To turn our eyes momentarily from the terrifying war in the Middle East is to discover an ever-more ominous turn in the Bush administration's war on terror.
Having been barred by the Supreme Court from treating foreign terrorism suspects as if they had few or no legal rights, the president's initial response is not to comply with the high court's finding that detainees must be treated under accepted standards of international law. In fact, the White House pushes to extend the ill treatment to American citizens.
That is, effectively, what the administration's draft of new rules for the military detention and trial of terrorism suspects would do. News and human rights organizations that have obtained the document, marked "deliberative draft close hold," have criticized the way in which it would obliterate the Supreme Court's ruling. It seeks to have Congress write into law essentially the same procedures for military trials that the high court just said were illegal. That is, terrorism suspects still could be excluded from the courtroom, evidence could be withheld from the defense, and the Geneva Conventions which the Supreme Court explicitly said must apply, would be circumvented.
More chilling is that the draft makes clear that the president wishes to impose these conditions upon any American citizen he calls an "enemy combatant."
A copy of the draft made public by The Washington Post shows that, while an initial version anticipated military trials only for "alien" enemy combatants, the word "alien" is subsequently crossed out. Instead, the document refers time and again to "persons" who are detainees. A "person," under this draft, could be an American seized at a shopping mall, or in a suburban backyard.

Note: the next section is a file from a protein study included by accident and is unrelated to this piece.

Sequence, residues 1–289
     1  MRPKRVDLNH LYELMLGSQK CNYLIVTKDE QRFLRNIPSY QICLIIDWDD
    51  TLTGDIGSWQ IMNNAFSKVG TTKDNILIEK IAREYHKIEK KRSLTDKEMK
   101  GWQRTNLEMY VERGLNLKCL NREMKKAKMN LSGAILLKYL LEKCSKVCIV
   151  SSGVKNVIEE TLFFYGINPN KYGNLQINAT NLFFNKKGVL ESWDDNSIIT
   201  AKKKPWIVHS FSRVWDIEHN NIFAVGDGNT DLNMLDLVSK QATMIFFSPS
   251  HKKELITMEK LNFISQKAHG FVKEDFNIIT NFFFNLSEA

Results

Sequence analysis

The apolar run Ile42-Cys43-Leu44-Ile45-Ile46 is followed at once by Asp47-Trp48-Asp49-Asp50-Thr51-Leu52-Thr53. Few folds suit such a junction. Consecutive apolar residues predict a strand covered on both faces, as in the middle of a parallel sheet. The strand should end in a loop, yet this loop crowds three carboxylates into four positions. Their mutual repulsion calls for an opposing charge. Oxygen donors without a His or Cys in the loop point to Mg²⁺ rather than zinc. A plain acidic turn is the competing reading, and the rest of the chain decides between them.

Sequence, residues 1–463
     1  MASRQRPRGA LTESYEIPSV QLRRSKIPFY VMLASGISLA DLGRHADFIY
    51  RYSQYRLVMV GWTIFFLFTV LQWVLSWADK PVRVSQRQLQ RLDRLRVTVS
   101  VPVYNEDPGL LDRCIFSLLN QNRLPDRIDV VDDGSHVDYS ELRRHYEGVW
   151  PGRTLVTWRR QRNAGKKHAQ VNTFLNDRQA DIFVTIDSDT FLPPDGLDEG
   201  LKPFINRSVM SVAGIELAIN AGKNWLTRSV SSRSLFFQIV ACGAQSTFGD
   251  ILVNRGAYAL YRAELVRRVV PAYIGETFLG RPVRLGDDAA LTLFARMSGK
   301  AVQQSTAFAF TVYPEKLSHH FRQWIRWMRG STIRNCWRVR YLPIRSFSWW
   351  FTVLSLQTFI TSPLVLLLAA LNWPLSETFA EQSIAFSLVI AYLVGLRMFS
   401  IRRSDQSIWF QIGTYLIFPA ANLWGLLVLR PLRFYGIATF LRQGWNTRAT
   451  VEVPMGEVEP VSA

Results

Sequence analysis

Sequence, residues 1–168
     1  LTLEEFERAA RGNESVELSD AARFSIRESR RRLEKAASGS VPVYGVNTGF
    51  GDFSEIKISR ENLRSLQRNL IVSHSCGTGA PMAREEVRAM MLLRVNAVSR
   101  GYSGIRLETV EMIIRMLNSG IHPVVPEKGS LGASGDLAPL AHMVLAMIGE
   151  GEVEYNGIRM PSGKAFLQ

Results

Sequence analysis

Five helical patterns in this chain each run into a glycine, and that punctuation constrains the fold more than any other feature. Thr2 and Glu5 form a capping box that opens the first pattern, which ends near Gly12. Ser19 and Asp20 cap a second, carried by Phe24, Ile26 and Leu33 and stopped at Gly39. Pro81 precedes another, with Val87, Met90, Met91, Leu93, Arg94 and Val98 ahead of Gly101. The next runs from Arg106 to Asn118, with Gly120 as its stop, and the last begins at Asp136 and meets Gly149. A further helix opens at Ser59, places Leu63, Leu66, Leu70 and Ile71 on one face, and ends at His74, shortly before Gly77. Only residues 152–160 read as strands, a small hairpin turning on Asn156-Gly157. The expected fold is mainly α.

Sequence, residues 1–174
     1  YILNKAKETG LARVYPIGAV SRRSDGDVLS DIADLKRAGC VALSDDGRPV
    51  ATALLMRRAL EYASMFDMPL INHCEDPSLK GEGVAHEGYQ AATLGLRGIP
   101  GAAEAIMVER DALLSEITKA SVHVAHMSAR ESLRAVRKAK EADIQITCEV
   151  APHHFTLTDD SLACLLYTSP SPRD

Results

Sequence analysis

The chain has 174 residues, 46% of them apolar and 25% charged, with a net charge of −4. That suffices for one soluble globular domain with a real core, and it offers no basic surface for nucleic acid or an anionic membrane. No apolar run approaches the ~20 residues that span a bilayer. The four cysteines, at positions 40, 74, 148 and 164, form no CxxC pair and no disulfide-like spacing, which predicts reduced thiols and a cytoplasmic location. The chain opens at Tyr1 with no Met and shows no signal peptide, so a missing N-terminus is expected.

Here, then, is how the government could treat American citizens if this draft were to become law: A citizen could be designated an "enemy combatant" (a term the administration has never clearly defined) and held in a military prison. There, the citizen would have no right to a speedy trial. Any trials, the draft says, could occur "at any time without limitations."
Once the citizen is tried under rules that mock the constitutional protections he would receive in a federal court, or in a U.S. military court-martial, the outcome would mean little. An acquittal would not necessarily free the detainee. Neither would a sentence imposed, say, for two or three years and served in full. "An acquittal or conviction under this act does not preclude the United States, in accordance with the law of war, to detain enemy combatants until the cessation of hostilities as a means to prevent their return to the fight."
Of course, "the fight" as defined in the draft is not necessarily an armed battle. People may be designated "enemy combatants" and subject to these rules if the president and the Pentagon believe they are now or were once "part of, or supporting" the Taliban, al-Qaeda or "associated forces." Support isn't defined. It could mean shouting "long live Osama!" while walking down Pennsylvania Avenue.
All these powers are rightly the president's because he is commander in chief of the armed forces, according to the draft.
This is the precise argument the White House has tried, again and again, to get the Supreme Court to accept. It has failed.
In two cases in which President Bush indeed did detain American citizens indefinitely and without charge, the courts derailed the effort. After the Supreme Court ruled against the administration two years ago in the case of Yaser Hamdi, the military released him and returned him to his family in Saudi Arabia. In a second case involving Jose Padilla, a citizen who was picked up at Chicago's O'Hare Airport, the government finally issued an indictment four years into his detainment just as the Supreme Court was considering Padilla's case.
The Bush administration now seeks from Congress an authorization for the blank check it once sought to give itself. If lawmakers hand him this, they will be handing over rights that Americans may never regain.
© 2006 The Daily Camera